With the 66th Gurkhas he served under Sir Colin Campbell, afterwards Lord Clyde [q. v.] in the two expeditions of 1852 against the hill tribes on the Peshawar frontier, including the destruction of the fortified village of Pranghur and the action at Ishkakot. He also joined the expeditionary force against the Boree Afridis in Nov. 1853. In 1856 he took part with the 66th Gurkhas in the expedition under Sir Neville Chamberlain [q. V. Suppl. II] to Kuram Valley, Afghanistan, and with the Doaba field force in Peshawar Valley in 1864, receiving the medal with clasp. He was made lieutenant on 23 Nov. 1856. During 1857 and 1858, when engaged in raising an extra Gurkha regiment (now the 4th Gurkhas), he took part in protecting the hill passes on the Kale Kumaon frontier from the Rohilkund rebels and in keeping the district in order. For these services he was awarded a medal. He was promoted captain in June 1862 and major on 14 June 1870. He served with the Lushai expedition in 1871-2, being several times mentioned in despatches, and being made brevet lieut.-colonel on 11 Sept. 1872. For an act of gallantry in this campaign, at the storming of the stockaded village of Lalgnoora on 4 Jan. 1872, he received the Victoria Cross. Macintyre, who was serving as second in command to Colonel (Sir) Herbert Macpherson, C.B., V.C., commanding the 2nd Gurkhas, while leading the assault, was the first to reach the stockade, which was from 8 to 9 feet high. To climb over it and disappear among the flames and smoke of the burning village was the work of a very short time. The stockade was successfully stormed by Macintyre under the heaviest fire which the Lushai delivered that day.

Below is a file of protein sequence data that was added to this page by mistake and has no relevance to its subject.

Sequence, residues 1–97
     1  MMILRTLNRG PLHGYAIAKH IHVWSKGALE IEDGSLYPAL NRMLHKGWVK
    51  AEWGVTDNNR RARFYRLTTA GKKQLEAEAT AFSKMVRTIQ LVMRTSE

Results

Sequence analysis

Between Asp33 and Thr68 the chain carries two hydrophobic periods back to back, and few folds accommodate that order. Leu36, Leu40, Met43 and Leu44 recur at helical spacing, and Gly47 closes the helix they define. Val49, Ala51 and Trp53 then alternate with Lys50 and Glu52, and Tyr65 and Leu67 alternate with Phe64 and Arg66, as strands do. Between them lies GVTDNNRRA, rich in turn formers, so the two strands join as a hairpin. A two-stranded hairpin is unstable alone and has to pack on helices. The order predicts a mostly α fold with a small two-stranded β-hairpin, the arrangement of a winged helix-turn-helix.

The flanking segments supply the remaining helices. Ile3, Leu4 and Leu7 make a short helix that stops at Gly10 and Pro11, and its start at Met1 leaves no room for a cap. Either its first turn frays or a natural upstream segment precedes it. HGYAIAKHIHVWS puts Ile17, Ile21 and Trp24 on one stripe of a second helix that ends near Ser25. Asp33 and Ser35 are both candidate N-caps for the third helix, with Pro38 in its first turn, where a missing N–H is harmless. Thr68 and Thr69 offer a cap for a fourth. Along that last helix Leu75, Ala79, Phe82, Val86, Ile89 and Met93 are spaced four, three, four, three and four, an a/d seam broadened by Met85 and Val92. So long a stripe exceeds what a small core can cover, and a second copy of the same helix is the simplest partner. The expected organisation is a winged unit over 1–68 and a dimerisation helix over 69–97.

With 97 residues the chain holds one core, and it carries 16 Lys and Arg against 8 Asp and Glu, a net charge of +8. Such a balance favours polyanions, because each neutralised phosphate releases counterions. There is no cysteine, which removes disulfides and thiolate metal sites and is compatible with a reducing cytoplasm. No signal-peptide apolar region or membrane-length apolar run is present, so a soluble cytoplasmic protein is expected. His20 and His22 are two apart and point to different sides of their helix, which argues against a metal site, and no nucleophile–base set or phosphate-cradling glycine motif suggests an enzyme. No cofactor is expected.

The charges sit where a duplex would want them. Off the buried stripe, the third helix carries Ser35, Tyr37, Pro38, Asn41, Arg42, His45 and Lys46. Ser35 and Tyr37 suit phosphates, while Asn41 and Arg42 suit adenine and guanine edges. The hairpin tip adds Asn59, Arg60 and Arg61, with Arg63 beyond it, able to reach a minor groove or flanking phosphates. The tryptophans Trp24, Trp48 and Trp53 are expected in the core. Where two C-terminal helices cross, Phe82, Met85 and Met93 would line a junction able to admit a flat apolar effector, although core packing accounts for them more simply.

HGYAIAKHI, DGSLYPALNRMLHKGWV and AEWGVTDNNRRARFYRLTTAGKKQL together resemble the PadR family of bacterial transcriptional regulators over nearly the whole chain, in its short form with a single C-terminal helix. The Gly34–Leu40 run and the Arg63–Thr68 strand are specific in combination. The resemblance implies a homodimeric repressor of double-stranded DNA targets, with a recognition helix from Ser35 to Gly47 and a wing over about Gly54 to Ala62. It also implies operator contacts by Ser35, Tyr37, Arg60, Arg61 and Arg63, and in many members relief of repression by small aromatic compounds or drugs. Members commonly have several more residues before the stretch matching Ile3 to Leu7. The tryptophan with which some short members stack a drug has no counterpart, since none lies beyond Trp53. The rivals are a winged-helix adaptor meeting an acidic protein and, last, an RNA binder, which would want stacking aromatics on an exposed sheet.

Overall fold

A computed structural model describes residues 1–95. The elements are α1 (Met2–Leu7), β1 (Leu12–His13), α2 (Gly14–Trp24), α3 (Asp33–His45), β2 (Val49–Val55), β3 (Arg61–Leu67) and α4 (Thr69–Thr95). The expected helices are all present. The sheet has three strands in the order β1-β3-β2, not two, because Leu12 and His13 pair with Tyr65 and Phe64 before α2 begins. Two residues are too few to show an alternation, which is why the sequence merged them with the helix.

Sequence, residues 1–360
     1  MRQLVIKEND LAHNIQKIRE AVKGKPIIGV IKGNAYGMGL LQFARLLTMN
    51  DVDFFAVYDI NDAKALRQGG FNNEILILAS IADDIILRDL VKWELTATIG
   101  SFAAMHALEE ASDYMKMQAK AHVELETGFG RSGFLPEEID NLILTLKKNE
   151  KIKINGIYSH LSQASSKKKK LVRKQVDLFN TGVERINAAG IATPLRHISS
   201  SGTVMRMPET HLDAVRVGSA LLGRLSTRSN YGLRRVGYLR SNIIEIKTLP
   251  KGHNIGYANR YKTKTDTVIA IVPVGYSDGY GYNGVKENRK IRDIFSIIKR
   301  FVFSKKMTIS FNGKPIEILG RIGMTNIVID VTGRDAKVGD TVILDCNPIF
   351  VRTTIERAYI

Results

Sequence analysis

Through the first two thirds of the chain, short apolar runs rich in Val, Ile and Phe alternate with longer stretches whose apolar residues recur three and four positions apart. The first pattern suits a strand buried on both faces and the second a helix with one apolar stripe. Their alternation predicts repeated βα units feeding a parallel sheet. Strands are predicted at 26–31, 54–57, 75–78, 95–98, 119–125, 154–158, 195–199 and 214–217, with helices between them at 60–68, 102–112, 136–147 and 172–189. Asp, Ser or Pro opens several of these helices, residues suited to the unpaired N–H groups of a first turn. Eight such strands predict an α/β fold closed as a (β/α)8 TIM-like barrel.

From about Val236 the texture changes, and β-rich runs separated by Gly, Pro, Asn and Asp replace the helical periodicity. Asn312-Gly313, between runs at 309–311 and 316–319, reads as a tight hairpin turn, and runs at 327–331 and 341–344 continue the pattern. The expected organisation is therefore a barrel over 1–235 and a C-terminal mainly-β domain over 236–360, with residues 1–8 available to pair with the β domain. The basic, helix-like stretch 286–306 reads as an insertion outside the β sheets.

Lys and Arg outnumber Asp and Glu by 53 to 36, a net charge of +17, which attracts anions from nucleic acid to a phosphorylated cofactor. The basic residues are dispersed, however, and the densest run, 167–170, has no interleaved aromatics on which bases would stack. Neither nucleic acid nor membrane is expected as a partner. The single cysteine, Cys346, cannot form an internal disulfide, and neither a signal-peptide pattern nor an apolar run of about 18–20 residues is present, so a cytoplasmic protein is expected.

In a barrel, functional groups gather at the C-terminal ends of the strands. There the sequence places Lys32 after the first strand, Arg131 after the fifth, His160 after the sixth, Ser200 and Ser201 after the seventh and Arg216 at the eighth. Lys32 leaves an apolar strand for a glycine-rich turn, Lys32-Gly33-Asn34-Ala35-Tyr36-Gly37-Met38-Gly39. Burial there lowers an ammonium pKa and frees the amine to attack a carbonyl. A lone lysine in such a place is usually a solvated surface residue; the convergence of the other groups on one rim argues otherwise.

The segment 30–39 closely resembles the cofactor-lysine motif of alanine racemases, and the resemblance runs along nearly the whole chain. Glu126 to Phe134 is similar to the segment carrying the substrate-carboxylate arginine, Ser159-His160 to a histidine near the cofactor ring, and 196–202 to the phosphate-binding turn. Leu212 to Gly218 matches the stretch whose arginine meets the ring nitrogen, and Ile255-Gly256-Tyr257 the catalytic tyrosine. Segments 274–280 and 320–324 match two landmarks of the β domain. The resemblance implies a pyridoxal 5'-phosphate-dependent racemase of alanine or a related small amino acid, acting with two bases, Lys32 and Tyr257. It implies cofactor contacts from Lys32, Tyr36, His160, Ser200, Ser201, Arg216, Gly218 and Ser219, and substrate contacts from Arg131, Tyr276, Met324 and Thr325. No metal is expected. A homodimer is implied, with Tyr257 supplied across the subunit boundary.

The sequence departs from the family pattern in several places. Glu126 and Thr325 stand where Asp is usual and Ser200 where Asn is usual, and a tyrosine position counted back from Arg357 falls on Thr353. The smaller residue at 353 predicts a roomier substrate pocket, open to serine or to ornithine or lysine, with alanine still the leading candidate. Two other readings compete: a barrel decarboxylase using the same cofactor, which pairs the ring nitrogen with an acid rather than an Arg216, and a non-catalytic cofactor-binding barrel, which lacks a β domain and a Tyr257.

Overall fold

Macintyre, who became lieut.-colonel on 14 Jan. 1876 and colonel on 1 Oct. 1887, commanded the 2nd Prince of Wales's Own Gurkhas with Sir Garnet Wolseley's force at the occupation of Cyprus and also with the Khyber column, directed against the Zakha Khel Afridis, in the Afghan war of 1878-9. He was also in both expeditions to the Bazar Valley under Lieut.-general Sir Francis Maude, V.C. (medal). He retired with the rank of major-general on 24 Dec. 1880, and thenceforth lived at Mackenzie Lodge, Fortrose, Ross-shire. Macintyre, who was a traveller and sportsman, published an account of his experiences in 'Hindu Koh, Wanderings and Wild Sports on and beyond the Himalayas' (1889; new edit. 1891). He was a J.P. for Ross-shire and an F.R.G.S. He died at Fortrose on 15 April 1903 and was buried in Rosemarkie churchyard. He married Angehca, daughter of the Rev. T. J. Patteson, Kirmetties, Forfar.